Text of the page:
Here’s a little taste of what to expect in the book from three of the most magnificent sites along the foreshore:
Royal feasting and lost palaces at Greenwich
The archaeology on the foreshore at the foot of the Old Royal Naval College features the remains of Tudor / Stuart jetties one of which is believed to have led directly to the lost Tudor Greenwich Palace; the birthplace of a number of Tudor monarchs including King Henry VIII and Queen Elizabeth I. The vast quantities of animal bone, pottery and shellfish on the foreshore hint at a vast, palatial kitchen operating on an unprecedented scale.
Rotherhithe: final resting place of warships
The Thames foreshore has the largest concentration of broken nautical timbers anywhere in the UK. The discovery of extraordinarily well preserved remains of broken-up Napoleonic era warships: two Danish, one Dutch, one British at Rotherhithe has made for a remarkable study site and Thames Discovery Programme volunteers have worked hard to clean and examine the timbers to deduce more information about them. The rare survival of gun carriages and nautical remains paints a vivid picture of London’s colourful mercantile history and naval might.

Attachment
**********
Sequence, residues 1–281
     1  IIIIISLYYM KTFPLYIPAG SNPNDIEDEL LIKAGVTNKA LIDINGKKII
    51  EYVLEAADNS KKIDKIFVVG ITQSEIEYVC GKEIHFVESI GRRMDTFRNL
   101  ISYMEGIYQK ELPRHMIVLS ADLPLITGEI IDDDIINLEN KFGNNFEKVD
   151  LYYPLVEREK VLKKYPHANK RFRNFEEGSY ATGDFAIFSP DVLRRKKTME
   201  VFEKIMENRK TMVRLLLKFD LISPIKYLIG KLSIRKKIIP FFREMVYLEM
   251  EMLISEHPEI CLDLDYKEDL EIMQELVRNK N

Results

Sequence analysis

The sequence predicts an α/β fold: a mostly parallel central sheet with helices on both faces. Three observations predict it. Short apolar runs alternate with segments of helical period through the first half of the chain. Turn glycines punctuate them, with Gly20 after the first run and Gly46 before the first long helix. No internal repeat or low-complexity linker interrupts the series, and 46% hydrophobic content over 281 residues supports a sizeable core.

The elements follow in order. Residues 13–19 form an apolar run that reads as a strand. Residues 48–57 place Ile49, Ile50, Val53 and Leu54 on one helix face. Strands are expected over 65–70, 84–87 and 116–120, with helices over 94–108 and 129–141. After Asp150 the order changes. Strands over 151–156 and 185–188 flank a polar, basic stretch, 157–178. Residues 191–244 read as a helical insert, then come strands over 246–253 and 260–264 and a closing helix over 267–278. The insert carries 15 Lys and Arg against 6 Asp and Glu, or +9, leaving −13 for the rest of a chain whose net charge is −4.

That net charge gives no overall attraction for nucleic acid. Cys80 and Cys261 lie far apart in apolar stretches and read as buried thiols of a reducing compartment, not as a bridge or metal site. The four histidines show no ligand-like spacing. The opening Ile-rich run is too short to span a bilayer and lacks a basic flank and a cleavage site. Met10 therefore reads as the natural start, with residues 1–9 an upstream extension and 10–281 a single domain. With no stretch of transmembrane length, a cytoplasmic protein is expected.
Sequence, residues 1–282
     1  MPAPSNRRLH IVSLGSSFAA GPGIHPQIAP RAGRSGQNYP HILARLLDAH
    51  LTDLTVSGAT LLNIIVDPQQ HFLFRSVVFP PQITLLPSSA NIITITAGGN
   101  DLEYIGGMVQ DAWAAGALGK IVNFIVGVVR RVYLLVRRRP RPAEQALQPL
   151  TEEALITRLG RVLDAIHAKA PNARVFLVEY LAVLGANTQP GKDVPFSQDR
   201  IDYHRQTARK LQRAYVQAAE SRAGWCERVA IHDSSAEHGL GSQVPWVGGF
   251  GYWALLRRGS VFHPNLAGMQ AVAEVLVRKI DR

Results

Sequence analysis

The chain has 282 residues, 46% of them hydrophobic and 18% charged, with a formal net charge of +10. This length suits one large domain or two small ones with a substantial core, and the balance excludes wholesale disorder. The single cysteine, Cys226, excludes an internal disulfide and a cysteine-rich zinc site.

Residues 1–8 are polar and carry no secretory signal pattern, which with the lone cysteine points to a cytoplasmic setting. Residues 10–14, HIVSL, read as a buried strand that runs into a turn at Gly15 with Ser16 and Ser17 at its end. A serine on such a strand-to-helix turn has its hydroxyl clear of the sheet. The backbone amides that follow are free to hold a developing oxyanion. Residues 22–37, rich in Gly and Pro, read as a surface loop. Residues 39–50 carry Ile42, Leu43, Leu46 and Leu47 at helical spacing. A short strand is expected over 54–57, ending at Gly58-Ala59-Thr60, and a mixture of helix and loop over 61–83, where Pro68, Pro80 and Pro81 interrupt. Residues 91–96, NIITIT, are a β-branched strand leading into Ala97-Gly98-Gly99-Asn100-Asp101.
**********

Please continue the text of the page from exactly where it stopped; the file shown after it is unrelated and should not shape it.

Prehistoric structures in Vauxhall
It’s rare to find prehistoric evidence in central London, but down on the foreshore just metres from the MI6 building at Vauxhall, Thames Discovery Programme found the oldest structure recorded in Greater London so far. Made of 6 timber piles, the structure is thought to be a platform or jetty and is believed to be 6000 years old. The structure a fascinating insight into prehistoric London and one of the most significant foreshore finds ever.
‘The river’s tale’: archaeology on the Thames foreshore in Greater London’ is now available to buy from www.mola.org.uk/publications priced £15.00.